Yo Gotti and Roc Nation’s Threats to Sue Mississippi Over ‘Inhumane’ Prison System Already Yielding Fast Results

Illustration for article titled Yo Gotti and Roc Nation’s Threats to Sue Mississippi Over ‘Inhumane’ Prison System Already Yielding Fast Results
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If you listen to some of their lyrics, you would think that they could give zero f—-s about other people’s problems.


But don’t ever say that Yo Gotti and Jay-Z didn’t use their powers for good.

The Memphis-born rap artist and New York-born hip-hop mogul threatened to sue the state of Mississippi with a civil rights lawsuit over the recent violence in state prisons.

On Thursday, a letter was fired off to Mississippi Governor Phil Bryant and the state’s Department of Corrections Commissioner Pelicia Hall stating that there will be legal action if prison conditions are not improved.

According to the Clarion-Ledger, the letter mentions frequent prison lockdowns, violence, a staffing shortage and inmates who “are forced to live in squalor, with rats that crawl over them as they sleep on the floor, having been denied even a mattress for a cot.”

Alex Spiro—a New York lawyer representing Roc Nationsigned the letter on behalf of Team Roc, which is the philanthropic/social justice branch of Roc Nation.


He told the outlet that he wrote the letter in collaboration with the celebrities, who did not want to “remain idle spectators with something this inhumane.”

“I just think it’s troubling where you have people, predominantly African American, who are locked inside cages where they don’t have a voice to be heard and are essentially the forgotten,” Spiro said. “It strikes us that there has to be a spotlight on this, otherwise we might not even be scratching the surface of the horror going on inside these prisons.”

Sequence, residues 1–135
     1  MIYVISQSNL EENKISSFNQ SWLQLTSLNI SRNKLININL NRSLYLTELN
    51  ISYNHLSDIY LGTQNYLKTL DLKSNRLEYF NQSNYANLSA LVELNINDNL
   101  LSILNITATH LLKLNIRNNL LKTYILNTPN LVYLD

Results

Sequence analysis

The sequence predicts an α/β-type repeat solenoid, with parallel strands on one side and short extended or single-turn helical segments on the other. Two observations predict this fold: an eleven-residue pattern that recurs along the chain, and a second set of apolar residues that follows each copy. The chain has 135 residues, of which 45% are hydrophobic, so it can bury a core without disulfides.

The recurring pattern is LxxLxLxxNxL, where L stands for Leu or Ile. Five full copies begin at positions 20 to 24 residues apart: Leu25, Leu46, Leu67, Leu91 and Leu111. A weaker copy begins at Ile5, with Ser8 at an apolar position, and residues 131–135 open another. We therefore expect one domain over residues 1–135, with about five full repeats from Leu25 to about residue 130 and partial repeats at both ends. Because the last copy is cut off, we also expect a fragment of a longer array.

In a statement, Yo Gotti, born Mario Mims, called the conditions inside the prisons “absolutely inhumane and unconstitutional.”

“To see this happen so close to my hometown of Memphis is truly devastating,” the “Rake It Up” rapper’s statement said. “That’s why we’re calling on Mississippi state leaders to take immediate action and rectify this issue. If they don’t right this wrong, we’re prepared to take legal action to provide relief for those that are incarcerated and their families.”


Now that more of a spotlight is shining upon them, results seem to be happening in short order.

On Saturday, the Mississippi Department of Corrections posted on Twitter that cleanup is still underway the Mississippi State Penitentiary’s Unit 29 after the recent unrest.



You love to see it.

Seriously, this is what I want to see more of from the people with the means to do this kind of activism.  Legal challenges have usually been the best route to civil rights/justice reform.